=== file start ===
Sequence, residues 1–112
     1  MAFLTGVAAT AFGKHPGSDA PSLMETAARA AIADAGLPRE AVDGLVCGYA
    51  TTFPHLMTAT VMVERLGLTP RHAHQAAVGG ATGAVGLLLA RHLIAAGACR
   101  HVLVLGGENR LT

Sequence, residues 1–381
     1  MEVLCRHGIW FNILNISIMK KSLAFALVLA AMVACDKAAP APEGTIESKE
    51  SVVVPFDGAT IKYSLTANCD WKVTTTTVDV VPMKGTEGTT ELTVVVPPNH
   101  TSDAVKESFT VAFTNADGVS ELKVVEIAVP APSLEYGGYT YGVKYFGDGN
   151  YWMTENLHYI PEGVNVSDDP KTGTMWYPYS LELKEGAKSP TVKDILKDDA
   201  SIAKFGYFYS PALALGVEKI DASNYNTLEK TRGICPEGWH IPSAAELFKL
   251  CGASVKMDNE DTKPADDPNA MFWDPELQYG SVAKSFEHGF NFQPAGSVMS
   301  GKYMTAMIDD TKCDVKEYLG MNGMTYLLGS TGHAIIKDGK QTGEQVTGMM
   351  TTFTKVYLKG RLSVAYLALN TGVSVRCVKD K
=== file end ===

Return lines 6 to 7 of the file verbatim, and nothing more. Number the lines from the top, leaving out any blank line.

     1  MEVLCRHGIW FNILNISIMK KSLAFALVLA AMVACDKAAP APEGTIESKE
    51  SVVVPFDGAT IKYSLTANCD WKVTTTTVDV VPMKGTEGTT ELTVVVPPNH